The Aisle Seat - Movie Reviews by Mike McGranaghan
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THE AISLE SEAT - by Mike McGranaghan


Vox Lux

Vox Lux is a movie that makes you ask the question, Why am I supposed to care about any of this? An exercise in style over substance, it always seems on the verge of starting to go somewhere, without ever actually doing it. You can't deny that it's an interesting film visually, and the lead performance is convincing. The overly-eccentric tone and lack of any meaningful emotional hook undermine those things, though, leading to an experience that's annoyingly empty.

The story opens with a graphic school shooting -- not exactly something worthy of being played for entertainment. One of the students injured is Celeste (Raffey Cassidy). She sings a song at a memorial service for those slain, becoming a national phenomenon in the process. Jude Law plays the manager who gets her a record deal and transforms her into a pop star.

At the 53-minute mark, Vox Lux abruptly reinvents itself. We follow Celeste (now played by Natalie Portman) as she attempts to launch a comeback tour following a personal scandal. She also deals with the fact that some terrorists have opened fire on a crowded beach, while wearing masks inspired by one of her music videos. Celeste fights with her songwriter sister Eleanor (Stacy Martin), spars with a music journalist (Christopher Abbott), and has a breakdown in front of her daughter. The last twenty minutes are an extended concert sequence. Celeste's songs are supposed to be popular; in reality, they're awful, despite being written by Sia. The end.

Vox Lux is an exercise in being avant garde simply for the sake of being avant garde. Shot in an uncommon aspect ratio, the film puts its credits scroll at the beginning rather than the end (although it has a second credits scroll there, too). Willem Dafoe occasionally provides narration, giving lengthy orations about aspects of Celeste's life that would be far more interesting to see dramatized. Footage that has either been slowed down or sped up accompanies his monologues. Writer/director Brady Corbet additionally relies on long, talky scenes that wear down one's patience with their lack of anything legitimately compelling. All of these elements combine to prevent the viewer from connecting with the story. Everything about the film seems designed to call attention to itself, to an off-putting degree.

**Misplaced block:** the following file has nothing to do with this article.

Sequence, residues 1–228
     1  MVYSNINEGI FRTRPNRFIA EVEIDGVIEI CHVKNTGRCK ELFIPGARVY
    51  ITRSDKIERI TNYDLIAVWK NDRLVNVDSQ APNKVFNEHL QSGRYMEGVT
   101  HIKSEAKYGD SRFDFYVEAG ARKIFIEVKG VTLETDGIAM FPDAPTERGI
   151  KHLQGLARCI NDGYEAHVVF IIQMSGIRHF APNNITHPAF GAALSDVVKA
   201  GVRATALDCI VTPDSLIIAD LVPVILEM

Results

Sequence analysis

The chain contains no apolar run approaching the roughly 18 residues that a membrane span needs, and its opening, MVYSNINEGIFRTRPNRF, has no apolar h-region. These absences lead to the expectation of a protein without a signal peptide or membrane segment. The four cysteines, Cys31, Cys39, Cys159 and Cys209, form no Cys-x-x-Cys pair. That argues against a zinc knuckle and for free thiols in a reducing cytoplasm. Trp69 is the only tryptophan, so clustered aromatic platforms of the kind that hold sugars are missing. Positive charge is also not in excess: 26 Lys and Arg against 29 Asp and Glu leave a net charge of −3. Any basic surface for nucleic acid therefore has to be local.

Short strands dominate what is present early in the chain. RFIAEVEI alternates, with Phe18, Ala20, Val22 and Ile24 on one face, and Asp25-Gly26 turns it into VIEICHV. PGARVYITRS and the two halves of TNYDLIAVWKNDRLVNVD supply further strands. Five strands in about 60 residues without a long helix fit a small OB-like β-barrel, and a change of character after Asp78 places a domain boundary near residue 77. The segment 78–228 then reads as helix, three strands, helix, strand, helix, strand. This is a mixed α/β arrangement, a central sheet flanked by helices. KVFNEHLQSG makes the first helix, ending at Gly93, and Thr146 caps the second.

The intent of Vox Lux, I would guess, is to examine the nature of fame. However, the movie doesn't say anything new on that subject. The public is fickle, fans are annoying, and it's difficult to hold on to superstardom for a long time. We already know that, as did the many other pictures about celebrity that have preceded this one. The use of gun violence, meanwhile, is disturbing, since the film merely uses it as a gimmick, rather than exploring it.

The main draw is Natalie Portman, who has never played a role like Celeste before. She changes her look and voice to the point where you easily forget it's her. The actress does her own singing and dancing, too, while giving Celeste a fierce attitude that belies her obvious emotional damage. She's great.

She also deserves a much better movie, with more going on and a plot that doesn't just meander around for two hours before an abrupt ending that resolves nothing.

( 1/2 out of four)

Vox Lux is rated R for language, some strong violence, and drug content . The running time is 1 hour and 55 minutes.

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